It's generally accepted that a 'tax free' lump sum payment from a pension in the UK is taxed by the US.

Article 17 in the US/UK Treaty is the correct place to look. Government (public sector) pensions are covered by a separate Article. Beware of the phrase 'Notwithstanding'. It usually refers to the 'Saving Clause'. The Treaty indicates that many items are tax free, but NOT for 'US Persons' (USC, Greencard holder, etc.), because of the saving clause. The saving clause (Article 1(4) of the Treaty, I believe) states the US reserves the right to tax their 'persons', regardless of what the Treaty allows.

This can be a grey area. The IRS and professional tax advisors (the Big 4) argue points continually, and at times the IRS loses. Certain types of pensions may not fall to the savings clause, but you're looking at the fine details of the pension, and residence. Needless to say, only a professional advisor can answer your question accurately.

I did not take the 25% tax free amount and have larger monthly payments. I think I was correct in doing this, but I can not be 100% sure. I refused the tax free amount solely due to the US tax situation. My situation was complicated by an additional 'tax free' amount in the UK and allowable credits from Form 1116 (previous years). Each situation is different. To not take the 25% tax free lump sum is unheard of for a UKC (no US ties).

Additional:
The payment is taxed when you receive it, not when it's brought to the States (it's worldwide income).
I can not comment on the California tax situation.
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Old Oct 31st 2011, 4:33 pm
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Default Re: IRS & "Tax-Free" UK pension lump sums

Originally Posted by MMcD View Post
And unless I'm wrong - I'd have to have a UK address in order to open a brand NEW account. And remember - I am an American citizen - which adds a further complication.
If you do want a 'UK' bank account check out the International branches of UK banks, based in the UK offshore islands.
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Old Oct 31st 2011, 5:25 pm
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Default Re: IRS & "Tax-Free" UK pension lump sums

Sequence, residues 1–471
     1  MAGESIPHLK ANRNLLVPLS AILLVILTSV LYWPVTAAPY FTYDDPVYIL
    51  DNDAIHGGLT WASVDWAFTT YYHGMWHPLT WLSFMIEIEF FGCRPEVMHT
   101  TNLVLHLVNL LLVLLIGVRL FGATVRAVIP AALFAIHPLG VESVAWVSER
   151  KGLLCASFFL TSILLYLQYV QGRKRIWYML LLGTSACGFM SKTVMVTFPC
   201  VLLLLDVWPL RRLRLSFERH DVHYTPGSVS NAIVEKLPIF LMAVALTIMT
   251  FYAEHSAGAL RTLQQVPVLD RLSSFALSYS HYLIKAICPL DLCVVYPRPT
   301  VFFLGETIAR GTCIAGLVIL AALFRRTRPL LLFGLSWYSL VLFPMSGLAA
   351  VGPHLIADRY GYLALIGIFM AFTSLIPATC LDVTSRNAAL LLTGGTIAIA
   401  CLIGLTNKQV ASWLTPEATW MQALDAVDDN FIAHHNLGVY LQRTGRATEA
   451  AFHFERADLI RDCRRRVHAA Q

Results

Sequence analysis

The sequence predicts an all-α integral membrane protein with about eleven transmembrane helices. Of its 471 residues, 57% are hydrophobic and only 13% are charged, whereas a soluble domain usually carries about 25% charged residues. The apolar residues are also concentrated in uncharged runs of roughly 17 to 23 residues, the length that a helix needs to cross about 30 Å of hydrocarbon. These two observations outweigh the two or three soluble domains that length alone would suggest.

Originally Posted by theOAP View Post
It's generally accepted that a 'tax free' lump sum payment from a pension in the UK is taxed by the US.

Article 17 in the US/UK Treaty is the correct place to look. Government (public sector) pensions are covered by a separate Article. Beware of the phrase 'Notwithstanding'. It usually refers to the 'Saving Clause'. The Treaty indicates that many items are tax free, but NOT for 'US Persons' (USC, Greencard holder, etc.), because of the saving clause. The saving clause (Article 1(4) of the Treaty, I believe) states the US reserves the right to tax their 'persons', regardless of what the Treaty allows.

This can be a grey area. The IRS and professional tax advisors (the Big 4) argue points continually, and at times the IRS loses. Certain types of pensions may not fall to the savings clause, but you're looking at the fine details of the pension, and residence. Needless to say, only a professional advisor can answer your question accurately.

I did not take the 25% tax free amount and have larger monthly payments. I think I was correct in doing this, but I can not be 100% sure. I refused the tax free amount solely due to the US tax situation. My situation was complicated by an additional 'tax free' amount in the UK and allowable credits from Form 1116 (previous years). Each situation is different. To not take the 25% tax free lump sum is unheard of for a UKC (no US ties).

Additional:
The payment is taxed when you receive it, not when it's brought to the States (it's worldwide income).
I can not comment on the California tax situation.
+1

The OP should be aware that as a US citizen the IRS taxes their worldwide income, so having money in foreign accounts in no way protects it from the IRS. All gains and interest must be declared on your US taxes.

As far as the lump-sum payment goes it is free of tax in the UK, but is taxed in the US and presumably in CA as well. The critical factor here is the "lump-sum" nature of the payment. If you were getting regular payments from your UK pensions that were free of tax in the UK, they would also be free of tax in the US as Article 17, Paragraph 1(b) is NOT subject to the savings Clause. This is good to know as a US citizen living in the UK as it means that payments from US ROTH accounts are free of tax in the UK as well as the US. So if you are a US citizen with a long term plan to retire to the UK a good strategy is to use ROTH accounts for retirement saving.

Here is the relevant section from the explanatory notes to the US/.UK tax treaty